Then Chavez sat at a desk “on stage” and for five hours hosted a program with only two short breaks. He talked about teachers in honor of National Teachers Day – honoring and joking with the Minister of Education who was present. He introduced an old prize fighter who was also present. He talked about the cross and scapular he wears. He chatted on the phone through a call-in mechanism with a number of people from around the country – a young girl about her school, one woman about the need for her to get involved in elections for mayor in her town, another woman about jobs for her sons and her nephew.
He talked about how unemployment was often the result of the neoliberal capitalist model and how Venezuela was creating a new economy – that they were going to initiate another revolution within the revolution by starting a new “mission” called Mision Vuelven Cara. This new mission will train and incorporate workers into development projects that will emphasize small farms and forestry projects, petroleum related businesses, tourism etc. The unemployed will be included as they build Venezuela’s capacity for productive employment. Then he recommended a book on the rebellion of 1840.
Then he went on to talk about how Venezuela has a deficit of beef and would be importing beef for a while from Brazil and Argentina, but that Venezuelans will be trained to raise beef, as well as for dairy farming. He said that it was good for poor people to eat more beef for the protein and that beef would be made available in poor neighborhoods for purchase in small quantities. He introduced the new Minister of Defense. He read from newspaper articles about the strengthened position of Venezuela in the world.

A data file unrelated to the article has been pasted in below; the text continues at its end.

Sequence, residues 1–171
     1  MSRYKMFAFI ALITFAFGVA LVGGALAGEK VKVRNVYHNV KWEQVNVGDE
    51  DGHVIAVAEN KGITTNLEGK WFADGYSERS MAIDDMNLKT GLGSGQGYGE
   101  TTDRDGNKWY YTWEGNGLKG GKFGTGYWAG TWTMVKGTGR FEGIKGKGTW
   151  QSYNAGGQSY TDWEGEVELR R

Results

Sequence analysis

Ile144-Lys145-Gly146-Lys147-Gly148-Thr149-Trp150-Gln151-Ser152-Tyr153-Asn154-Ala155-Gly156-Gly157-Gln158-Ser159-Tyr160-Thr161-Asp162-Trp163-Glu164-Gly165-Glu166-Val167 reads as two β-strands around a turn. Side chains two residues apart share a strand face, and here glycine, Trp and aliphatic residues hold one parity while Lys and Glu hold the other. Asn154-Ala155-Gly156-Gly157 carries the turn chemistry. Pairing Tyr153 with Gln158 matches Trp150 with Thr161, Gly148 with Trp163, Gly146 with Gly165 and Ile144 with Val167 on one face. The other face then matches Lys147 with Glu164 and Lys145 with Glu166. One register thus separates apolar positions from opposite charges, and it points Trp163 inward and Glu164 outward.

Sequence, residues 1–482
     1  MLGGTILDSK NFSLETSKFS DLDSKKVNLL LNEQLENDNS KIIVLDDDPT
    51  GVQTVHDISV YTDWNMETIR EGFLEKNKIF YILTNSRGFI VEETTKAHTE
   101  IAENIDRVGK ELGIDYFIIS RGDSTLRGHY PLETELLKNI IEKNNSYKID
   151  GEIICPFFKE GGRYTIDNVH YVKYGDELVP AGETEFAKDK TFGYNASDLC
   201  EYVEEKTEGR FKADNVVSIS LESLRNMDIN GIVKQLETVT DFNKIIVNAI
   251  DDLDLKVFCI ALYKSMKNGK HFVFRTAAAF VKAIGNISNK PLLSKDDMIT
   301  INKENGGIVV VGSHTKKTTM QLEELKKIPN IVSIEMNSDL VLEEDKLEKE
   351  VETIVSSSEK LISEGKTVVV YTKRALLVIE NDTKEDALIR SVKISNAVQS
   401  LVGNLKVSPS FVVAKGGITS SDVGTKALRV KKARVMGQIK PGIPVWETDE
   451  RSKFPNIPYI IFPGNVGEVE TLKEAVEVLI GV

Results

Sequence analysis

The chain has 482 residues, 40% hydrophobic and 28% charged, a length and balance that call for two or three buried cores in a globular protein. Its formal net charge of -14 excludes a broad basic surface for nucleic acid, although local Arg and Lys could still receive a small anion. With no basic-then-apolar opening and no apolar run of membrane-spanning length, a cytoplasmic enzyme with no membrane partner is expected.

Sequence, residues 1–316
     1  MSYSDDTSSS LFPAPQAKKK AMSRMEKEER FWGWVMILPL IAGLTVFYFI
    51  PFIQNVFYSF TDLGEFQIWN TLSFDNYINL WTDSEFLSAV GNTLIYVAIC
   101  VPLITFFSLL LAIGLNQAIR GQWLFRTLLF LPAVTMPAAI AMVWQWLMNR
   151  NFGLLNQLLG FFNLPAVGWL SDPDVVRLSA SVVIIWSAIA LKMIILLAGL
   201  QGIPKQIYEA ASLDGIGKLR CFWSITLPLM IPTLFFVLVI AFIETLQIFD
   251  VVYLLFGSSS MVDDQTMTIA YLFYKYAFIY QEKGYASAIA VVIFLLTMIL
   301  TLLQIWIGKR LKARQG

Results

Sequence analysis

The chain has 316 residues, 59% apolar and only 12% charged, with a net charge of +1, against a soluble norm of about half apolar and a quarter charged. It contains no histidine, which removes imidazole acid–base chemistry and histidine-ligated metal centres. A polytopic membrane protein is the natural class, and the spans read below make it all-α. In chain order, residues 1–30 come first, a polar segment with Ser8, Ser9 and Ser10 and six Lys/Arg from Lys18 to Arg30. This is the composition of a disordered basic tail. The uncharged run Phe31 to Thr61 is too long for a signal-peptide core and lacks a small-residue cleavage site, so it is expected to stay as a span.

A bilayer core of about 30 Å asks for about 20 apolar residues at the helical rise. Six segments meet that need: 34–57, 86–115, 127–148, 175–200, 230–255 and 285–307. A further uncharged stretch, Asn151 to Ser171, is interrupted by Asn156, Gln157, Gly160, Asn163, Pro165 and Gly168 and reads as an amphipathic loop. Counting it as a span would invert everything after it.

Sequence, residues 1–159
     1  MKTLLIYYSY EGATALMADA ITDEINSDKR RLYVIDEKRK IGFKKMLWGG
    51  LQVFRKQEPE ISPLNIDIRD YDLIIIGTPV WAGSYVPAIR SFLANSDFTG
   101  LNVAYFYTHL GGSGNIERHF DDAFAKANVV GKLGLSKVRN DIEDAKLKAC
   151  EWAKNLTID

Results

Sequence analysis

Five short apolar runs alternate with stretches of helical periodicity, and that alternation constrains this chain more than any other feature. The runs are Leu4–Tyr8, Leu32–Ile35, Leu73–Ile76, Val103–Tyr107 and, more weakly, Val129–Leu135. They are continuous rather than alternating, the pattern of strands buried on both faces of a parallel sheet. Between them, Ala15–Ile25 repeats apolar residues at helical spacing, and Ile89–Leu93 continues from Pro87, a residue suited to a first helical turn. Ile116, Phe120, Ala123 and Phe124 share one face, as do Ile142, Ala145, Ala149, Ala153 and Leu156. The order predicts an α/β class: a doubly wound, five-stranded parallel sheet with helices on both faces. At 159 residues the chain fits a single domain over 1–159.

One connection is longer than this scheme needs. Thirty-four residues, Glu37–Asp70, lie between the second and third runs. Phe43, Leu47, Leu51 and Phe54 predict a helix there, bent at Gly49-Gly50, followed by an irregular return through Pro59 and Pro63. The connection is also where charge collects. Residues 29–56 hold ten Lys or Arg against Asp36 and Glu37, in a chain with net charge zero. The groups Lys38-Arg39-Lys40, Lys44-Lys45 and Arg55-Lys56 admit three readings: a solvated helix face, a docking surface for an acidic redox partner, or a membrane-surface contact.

Then he spoke about the 1979 Puebla Conference of Latin American Catholic bishops which outlined the preferential option for the poor and he talked about the death of Oscar Romero. Chavez said that the challenge before Venezuela now is to take up the challenge of an option for the poor. Fr. Roy Bourgeouis was invited to make a statement. Fr. Roy talked about the School of the Americas and asked Venezuela to stop sending soldiers there for training. Chavez listened very intently. When Roy finished Chavez said quite a bit about the SOA. He had obviously done his homework. Then he moved on to talk about the writings of John Kenneth Galbraith. And so the program went on and on.
Chavez continues to be an ego-obsessed narcissist who doesn’t mind using his cult of personality to promote a particular political and social agenda and he’s not above taking direct, anti-democratic action against his enemies and to maintain his own power. So what else is new in the world of politics?
He is also “the peoples’ choice” in Venezuela’s fair elections. This week Chavez’ party swept most states, according to The Guardian, in Venezuela’s regional elections. The record turnout of 65% among 16.8 million registered voters shows the passion and antipathy elicited by this larger-than-life personality.
The Frontline show is tough, fair, and shows Chavez with his good points and his bad points. “The documentarians credit Chávez with being the first president in the 50-year history of Venezuelan democracy to elevate themes of poverty and social justice to the top of national discussion,” writes Montgomery. “But they suggest that his methods for addressing those issues have been uneven and over-hyped.”.